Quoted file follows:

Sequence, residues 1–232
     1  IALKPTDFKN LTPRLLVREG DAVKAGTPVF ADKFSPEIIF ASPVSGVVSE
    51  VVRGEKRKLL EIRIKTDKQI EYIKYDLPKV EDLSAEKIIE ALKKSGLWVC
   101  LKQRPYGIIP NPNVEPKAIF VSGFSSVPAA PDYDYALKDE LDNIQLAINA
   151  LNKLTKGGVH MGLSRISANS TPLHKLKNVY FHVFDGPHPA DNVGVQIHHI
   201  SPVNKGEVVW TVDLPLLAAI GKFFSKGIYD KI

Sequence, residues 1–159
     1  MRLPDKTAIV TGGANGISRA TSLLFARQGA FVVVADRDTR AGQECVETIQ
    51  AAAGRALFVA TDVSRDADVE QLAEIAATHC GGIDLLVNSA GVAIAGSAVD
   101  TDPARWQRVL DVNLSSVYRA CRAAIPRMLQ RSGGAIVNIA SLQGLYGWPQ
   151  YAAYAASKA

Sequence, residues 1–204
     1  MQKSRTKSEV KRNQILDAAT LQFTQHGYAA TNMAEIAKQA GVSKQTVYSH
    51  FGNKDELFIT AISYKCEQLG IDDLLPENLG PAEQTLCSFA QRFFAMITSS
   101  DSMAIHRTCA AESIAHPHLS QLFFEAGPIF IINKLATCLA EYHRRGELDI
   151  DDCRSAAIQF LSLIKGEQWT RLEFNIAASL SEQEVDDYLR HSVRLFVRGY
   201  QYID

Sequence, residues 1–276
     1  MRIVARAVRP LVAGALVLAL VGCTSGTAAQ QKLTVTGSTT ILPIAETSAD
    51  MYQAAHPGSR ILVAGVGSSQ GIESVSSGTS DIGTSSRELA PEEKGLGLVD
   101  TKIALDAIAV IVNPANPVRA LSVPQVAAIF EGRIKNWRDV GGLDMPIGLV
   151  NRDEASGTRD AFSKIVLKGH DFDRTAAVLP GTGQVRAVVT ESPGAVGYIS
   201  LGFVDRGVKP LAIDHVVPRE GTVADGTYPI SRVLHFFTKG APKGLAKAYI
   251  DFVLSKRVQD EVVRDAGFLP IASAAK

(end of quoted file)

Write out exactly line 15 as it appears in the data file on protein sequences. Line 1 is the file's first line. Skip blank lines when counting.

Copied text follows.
   101  DSMAIHRTCA AESIAHPHLS QLFFEAGPIF IINKLATCLA EYHRRGELDI